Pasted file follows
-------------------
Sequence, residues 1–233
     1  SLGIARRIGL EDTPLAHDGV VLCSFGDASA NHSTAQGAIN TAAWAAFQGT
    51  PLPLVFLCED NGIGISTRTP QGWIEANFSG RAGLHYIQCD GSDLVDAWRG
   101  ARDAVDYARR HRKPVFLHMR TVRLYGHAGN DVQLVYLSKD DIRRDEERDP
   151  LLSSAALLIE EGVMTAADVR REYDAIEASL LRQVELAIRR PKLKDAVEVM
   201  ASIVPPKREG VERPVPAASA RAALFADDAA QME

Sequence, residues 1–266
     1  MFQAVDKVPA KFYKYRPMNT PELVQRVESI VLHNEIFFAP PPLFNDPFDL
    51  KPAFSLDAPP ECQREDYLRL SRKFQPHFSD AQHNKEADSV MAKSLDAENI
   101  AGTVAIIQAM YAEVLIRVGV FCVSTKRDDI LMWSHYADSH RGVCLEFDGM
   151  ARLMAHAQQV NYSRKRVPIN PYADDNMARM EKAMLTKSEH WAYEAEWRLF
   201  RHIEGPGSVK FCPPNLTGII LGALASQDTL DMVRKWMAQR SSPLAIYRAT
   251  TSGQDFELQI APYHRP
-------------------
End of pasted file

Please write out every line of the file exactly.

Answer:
Sequence, residues 1–233
     1  SLGIARRIGL EDTPLAHDGV VLCSFGDASA NHSTAQGAIN TAAWAAFQGT
    51  PLPLVFLCED NGIGISTRTP QGWIEANFSG RAGLHYIQCD GSDLVDAWRG
   101  ARDAVDYARR HRKPVFLHMR TVRLYGHAGN DVQLVYLSKD DIRRDEERDP
   151  LLSSAALLIE EGVMTAADVR REYDAIEASL LRQVELAIRR PKLKDAVEVM
   201  ASIVPPKREG VERPVPAASA RAALFADDAA QME

Sequence, residues 1–266
     1  MFQAVDKVPA KFYKYRPMNT PELVQRVESI VLHNEIFFAP PPLFNDPFDL
    51  KPAFSLDAPP ECQREDYLRL SRKFQPHFSD AQHNKEADSV MAKSLDAENI
   101  AGTVAIIQAM YAEVLIRVGV FCVSTKRDDI LMWSHYADSH RGVCLEFDGM
   151  ARLMAHAQQV NYSRKRVPIN PYADDNMARM EKAMLTKSEH WAYEAEWRLF
   201  RHIEGPGSVK FCPPNLTGII LGALASQDTL DMVRKWMAQR SSPLAIYRAT
   251  TSGQDFELQI APYHRP